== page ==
In happier political times for Northern Ireland governance in 2013, the Office of the First Minister and deputy First Minister (OFMdFM) set a target of removing all interface barriers by 2023.  Due to multiple factors both local and governmental, only limited progress has been achieved to date.  

As we approach the 50th anniversary of the construction of the first ‘peacewall’ in Northern Ireland, there are a number of questions that it seems appropriate to address:

  • In 2019, are the ‘peacewalls’ still a required security measure?

  • How effective or detrimental have the ‘peacewalls’ been in constructing the peace in Northern Ireland?

  • What is the impact of the ‘peacewalls’ into ongoing communal segregation and division in Northern Ireland?

  • What do the ‘peacewalls’ communicate to the public in relation to the current phase of the Northern Ireland peace process?

  • How do we underpin the peace process by creating the conditions where interface communities are content to proceed with the physical transformation and ultimate removal of ‘peacewalls’ in their area?

Our objective is to mark the 50th anniversary of the construction of the first ‘peacewall’ in Belfast with an international conference and set of related events that will bring together interested parties and experts to think through the contentious pasts and possible futures of the Northern Ireland ‘peacewalls’. These events are designed to bring local residents, policy makers and academics together to share ideas and provoke discussion around the future of the ‘peacewalls’ and the ‘interface areas’ adjacent to them; particularly with regard to the Northern Ireland Executive policy deadline of removal of all ‘peacewalls’ by 2023.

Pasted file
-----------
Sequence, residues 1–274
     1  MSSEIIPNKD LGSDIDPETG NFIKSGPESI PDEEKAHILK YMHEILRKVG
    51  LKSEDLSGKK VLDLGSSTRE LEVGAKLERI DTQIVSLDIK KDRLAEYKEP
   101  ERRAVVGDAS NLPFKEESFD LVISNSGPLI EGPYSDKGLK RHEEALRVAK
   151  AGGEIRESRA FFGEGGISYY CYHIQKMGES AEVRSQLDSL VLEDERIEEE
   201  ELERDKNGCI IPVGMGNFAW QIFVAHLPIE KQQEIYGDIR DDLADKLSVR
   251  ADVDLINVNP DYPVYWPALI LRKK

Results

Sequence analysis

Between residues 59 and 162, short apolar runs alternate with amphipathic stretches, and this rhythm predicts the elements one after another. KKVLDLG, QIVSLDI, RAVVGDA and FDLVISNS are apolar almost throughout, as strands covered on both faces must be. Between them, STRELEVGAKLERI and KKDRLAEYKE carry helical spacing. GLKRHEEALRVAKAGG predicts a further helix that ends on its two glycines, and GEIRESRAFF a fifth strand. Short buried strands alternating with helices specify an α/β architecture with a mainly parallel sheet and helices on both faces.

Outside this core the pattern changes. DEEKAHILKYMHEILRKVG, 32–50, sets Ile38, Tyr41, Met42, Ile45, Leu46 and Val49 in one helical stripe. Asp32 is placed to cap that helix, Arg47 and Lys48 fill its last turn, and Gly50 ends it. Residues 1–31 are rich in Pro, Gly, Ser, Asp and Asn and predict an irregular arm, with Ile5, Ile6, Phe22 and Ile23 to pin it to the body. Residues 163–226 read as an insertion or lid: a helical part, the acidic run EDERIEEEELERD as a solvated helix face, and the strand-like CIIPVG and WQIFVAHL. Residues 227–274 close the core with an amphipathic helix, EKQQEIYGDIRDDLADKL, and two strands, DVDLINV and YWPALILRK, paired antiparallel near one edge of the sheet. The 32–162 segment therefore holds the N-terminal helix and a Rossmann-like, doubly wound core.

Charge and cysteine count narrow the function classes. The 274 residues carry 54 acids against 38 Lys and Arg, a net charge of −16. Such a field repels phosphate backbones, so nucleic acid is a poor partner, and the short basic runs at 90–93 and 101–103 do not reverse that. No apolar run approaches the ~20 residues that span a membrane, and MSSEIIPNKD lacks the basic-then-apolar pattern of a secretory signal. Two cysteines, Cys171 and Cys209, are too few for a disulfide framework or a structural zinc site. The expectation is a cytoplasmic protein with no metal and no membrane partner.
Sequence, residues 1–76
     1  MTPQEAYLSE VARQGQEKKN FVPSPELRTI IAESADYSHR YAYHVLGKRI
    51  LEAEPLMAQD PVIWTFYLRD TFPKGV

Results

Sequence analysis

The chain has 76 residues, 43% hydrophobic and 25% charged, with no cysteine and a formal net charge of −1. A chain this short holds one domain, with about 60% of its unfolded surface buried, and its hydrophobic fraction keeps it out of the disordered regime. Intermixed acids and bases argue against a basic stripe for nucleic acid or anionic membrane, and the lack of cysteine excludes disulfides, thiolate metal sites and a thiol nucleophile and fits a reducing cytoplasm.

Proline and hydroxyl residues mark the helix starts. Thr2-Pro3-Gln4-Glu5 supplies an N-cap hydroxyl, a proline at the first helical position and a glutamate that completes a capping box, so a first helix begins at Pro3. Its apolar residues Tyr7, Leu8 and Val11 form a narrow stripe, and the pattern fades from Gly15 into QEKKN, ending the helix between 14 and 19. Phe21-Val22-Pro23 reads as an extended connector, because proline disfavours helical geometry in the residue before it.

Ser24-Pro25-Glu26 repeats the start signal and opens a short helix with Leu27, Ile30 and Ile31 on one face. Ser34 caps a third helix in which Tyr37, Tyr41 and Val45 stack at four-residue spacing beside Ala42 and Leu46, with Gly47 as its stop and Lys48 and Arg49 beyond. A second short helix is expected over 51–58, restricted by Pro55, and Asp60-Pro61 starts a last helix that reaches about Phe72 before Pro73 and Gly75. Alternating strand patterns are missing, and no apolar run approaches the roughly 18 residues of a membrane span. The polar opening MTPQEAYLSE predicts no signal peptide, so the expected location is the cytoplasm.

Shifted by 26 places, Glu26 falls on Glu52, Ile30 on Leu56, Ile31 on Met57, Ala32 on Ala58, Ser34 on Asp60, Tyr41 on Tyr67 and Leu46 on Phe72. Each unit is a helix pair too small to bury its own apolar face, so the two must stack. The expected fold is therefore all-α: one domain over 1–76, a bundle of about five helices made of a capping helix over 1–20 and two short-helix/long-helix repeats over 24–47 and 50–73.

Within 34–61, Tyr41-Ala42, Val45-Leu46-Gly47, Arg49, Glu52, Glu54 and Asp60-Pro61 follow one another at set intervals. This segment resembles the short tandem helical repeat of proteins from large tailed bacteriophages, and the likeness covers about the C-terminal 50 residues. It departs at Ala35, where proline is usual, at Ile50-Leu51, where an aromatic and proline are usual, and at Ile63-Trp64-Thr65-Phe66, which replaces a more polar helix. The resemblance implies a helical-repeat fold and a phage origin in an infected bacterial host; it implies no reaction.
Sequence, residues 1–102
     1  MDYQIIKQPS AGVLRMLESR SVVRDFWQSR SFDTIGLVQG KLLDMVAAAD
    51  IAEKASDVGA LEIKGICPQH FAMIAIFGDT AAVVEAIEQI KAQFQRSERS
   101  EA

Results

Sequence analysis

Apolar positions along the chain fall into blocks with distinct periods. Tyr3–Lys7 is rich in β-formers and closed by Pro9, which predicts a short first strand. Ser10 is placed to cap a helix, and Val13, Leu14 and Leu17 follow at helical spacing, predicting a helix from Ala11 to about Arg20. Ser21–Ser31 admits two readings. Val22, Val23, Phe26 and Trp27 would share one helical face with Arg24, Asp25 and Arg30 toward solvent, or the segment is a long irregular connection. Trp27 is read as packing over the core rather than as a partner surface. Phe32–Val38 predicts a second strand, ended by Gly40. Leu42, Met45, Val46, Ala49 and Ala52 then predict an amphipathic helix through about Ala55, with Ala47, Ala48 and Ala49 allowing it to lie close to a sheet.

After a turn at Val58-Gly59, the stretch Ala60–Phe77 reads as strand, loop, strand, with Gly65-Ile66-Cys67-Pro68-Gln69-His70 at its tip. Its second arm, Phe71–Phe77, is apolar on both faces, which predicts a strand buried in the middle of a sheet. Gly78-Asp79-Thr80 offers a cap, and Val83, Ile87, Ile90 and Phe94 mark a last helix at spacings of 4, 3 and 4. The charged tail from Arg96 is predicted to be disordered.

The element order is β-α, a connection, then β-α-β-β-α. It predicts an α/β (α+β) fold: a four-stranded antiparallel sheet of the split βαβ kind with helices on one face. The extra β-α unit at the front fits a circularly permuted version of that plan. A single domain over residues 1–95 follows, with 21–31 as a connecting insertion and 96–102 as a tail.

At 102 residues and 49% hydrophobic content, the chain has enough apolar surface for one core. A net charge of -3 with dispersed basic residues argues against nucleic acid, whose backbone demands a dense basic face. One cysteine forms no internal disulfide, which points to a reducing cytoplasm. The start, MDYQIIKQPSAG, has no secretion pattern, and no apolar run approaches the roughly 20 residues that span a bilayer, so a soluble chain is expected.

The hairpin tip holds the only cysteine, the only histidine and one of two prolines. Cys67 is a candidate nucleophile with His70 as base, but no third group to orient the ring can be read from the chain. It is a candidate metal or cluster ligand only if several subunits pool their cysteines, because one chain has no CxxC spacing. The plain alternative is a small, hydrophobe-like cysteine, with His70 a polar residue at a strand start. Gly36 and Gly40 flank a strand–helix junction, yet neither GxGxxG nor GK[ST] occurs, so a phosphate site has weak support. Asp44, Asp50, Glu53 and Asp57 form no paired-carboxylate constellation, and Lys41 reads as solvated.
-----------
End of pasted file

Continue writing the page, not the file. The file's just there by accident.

Confirmed Conference Participants:

Frederick W. Boal OBE
Emeritus Professor of Geography, Queen’s University, Belfast
QUB Research Portal Link

Dr. Jonny Byrne
Senior Lecturer, Institute for Research in Social Sciences, University of Ulster.
University of Ulster Research Portal Link

Dr. Bree Hocking
Belfast Mobility Project

Dr. Neil Jarman
Director of Institute of Conflict Research

Avila Kilmurray
International Fund for Ireland

Sara Lorimer
Imagine Project
Oldpark / Cliftonville Peacewall Oral history Project

Michael McEvoy
Head of the Interface Team, NI Department of Justice.

Ciaran Mackel
Director ARD & University of Ulster

Suzie Millar
Peas Park Community Garden

Fearghal Murray
Director MMAS

Joe O’Donnell
Strategy Director – Belfast Interface Project

James O’Leary
Associate Professor – The Bartlett School of Architecture, UCL / Curator of the Peacewall Archive

Dr. Callie Persic
Peas Park Community Garden

Image: Belfast Peacewalls, 2019, Photos © James O’Leary

Image: Belfast Peacewalls, 2019, Photos © James O’Leary


These events are organised by James O’Leary (Associate Professor of Architecture at The Bartlett, UCL) with support from: